The unit was deactivated in November 1945 shortly after the war. However, with the Air Force’s policy of preserving the names of the top fighting units of World War II, the 307th Bomb Group was reactivated as the 307th Bombardment Wing on Aug. 4, 1946, and began flying B-29s at MacDill Air Force Base, FL, under the auspices of Strategic Air Command. Until the Korean campaign, the unit played a leading role in developing new anti-submarine tactics and procedures and was frequently called upon to demonstrate the effectiveness of aerial bombing.

     In August 1950, the 307th deployed to Kadena Air Base, Okinawa, Japan and had a successful campaign staging attacks against advancing communist forces in South Korea until the enemy was contained in 1953. They received another Distinguished Unit Citation for “their extraordinary heroism in action against an enemy of the United Nations during the period of 11 to 27 July, 1953. At this time, they flew 93 sorties and dropped 860 tons of bombs on targets at the Simanju Air Field, where despite severe icing, intense enemy anti-craft fire and coordinated search light fighter opposition they rendered the airfield unserviceable.” The 307th was also awarded the Republic of Korea Presidential Unit Citation for its air strikes against enemy forces in Korea and several campaign streamers.

     Following the conflict, the 307th was assigned to Lincoln Air Force Base, NE, in 1954. A year later, the wing was equipped with B-47 Stratojets to replace the B-29s, becoming the first jet-propelled aircraft it had been assigned in its history. The unit was then designated as the 307th Bombardment Wing (Medium) and trained for strategic bombardment missions and air refueling operations until deactivated in 1965. Reactivated during the Vietnam conflict, the unit flew KC-135s and conducted air refueling operations in support of tactical units from 1970-1975 while operating at U-Tapao Royal Thai Navy Airfield, Thailand.

     On Jan. 8, 2011, the 307th Bomb Wing was reactivated at Barksdale Air Force Base as a new Air Force Reserve Wing and reports to the Tenth Air Force, Naval Air Station Joint Reserve Base, Fort Worth, TX, and is a component of Air Force Global Strike Command. When reactivated, dozens of alumni of the 307th Bomb Wing from the Korean, Vietnam and Cold War eras attended and were able to tour the displays and artifacts featured in the current headquarters, providing testimony to the unit’s heritage and great accomplishments.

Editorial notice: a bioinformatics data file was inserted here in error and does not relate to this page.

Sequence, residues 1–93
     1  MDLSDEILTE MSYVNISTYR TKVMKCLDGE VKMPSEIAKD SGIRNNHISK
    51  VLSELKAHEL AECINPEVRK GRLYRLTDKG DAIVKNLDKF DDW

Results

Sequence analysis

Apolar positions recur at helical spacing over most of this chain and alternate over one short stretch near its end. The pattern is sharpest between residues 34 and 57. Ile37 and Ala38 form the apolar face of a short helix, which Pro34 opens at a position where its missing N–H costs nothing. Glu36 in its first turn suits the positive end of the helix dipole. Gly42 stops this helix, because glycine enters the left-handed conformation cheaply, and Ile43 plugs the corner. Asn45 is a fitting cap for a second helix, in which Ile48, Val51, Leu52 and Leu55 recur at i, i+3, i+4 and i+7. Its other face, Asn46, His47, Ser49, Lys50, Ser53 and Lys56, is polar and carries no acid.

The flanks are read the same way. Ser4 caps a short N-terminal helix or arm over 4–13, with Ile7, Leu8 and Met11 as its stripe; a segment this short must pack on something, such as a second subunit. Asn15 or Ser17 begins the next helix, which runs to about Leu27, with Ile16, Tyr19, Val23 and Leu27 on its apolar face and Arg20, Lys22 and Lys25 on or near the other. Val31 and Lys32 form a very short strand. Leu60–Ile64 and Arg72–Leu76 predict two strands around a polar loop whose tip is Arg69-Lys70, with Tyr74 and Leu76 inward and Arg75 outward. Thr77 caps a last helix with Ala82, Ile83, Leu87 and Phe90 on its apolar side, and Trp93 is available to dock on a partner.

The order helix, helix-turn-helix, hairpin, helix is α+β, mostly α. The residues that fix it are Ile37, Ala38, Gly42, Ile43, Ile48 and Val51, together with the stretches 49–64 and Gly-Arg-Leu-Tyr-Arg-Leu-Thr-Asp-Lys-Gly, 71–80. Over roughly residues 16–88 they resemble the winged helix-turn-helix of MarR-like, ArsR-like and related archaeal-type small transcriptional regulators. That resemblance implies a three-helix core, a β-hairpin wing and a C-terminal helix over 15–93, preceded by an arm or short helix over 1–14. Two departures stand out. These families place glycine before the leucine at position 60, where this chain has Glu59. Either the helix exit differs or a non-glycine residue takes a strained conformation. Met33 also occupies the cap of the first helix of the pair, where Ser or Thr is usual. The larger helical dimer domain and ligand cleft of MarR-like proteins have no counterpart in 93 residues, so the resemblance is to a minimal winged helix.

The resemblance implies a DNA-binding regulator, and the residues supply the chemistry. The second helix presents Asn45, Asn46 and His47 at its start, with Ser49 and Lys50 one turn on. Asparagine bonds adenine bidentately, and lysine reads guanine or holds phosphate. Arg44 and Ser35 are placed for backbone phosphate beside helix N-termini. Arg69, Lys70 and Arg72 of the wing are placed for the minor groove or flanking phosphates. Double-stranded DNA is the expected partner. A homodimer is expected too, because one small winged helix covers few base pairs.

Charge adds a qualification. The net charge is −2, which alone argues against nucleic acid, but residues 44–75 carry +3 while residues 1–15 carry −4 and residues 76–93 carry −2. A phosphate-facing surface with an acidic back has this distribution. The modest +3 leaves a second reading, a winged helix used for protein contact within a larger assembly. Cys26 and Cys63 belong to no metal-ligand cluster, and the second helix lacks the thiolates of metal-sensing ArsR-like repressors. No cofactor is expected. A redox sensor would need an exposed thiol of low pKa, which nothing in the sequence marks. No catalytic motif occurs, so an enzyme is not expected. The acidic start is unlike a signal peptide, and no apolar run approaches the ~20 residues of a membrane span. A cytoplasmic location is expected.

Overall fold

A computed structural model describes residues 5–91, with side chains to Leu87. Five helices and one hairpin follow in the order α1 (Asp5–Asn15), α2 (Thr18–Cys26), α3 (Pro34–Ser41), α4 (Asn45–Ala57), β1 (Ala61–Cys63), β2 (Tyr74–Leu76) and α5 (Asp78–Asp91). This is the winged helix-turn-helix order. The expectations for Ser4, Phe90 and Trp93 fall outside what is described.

The 307th’s current mission focuses on B-52 aircrew training and nuclear deterrence and global strike. The current flying components of the wing consist of the 93rd and 343rd Bomb Squadrons, which fly the B-52H Stratofortress aircraft, and the 489th Bomb Group, which flies the B-1 Lancer from Dyess Air Force Base, TX. Since its reactivation, it has been awarded the General Curtis LeMay Trophy for best bomber operations wing in the Air Force in 2011. The 307th has deployed multiple times in intervening years and remains the only bomber wing in the Air Force Reserve. 

     This storied bomber wing’s effort to preserve their heritage across generations reflects our own Daedalian mission. Just as the current Long Rangers of the 307th carry forward the tradition of excellence set by their predecessors in executing the mission today, the Daedalian fellowship charges its members with carrying the legacy of aviators past into the present. We work to inspire the future by reflecting our Founders’ values of patriotism, personal integrity and character in word and action and sharing and learning from each other’s stories. It is our honor to be stewards of a valuable piece of this history.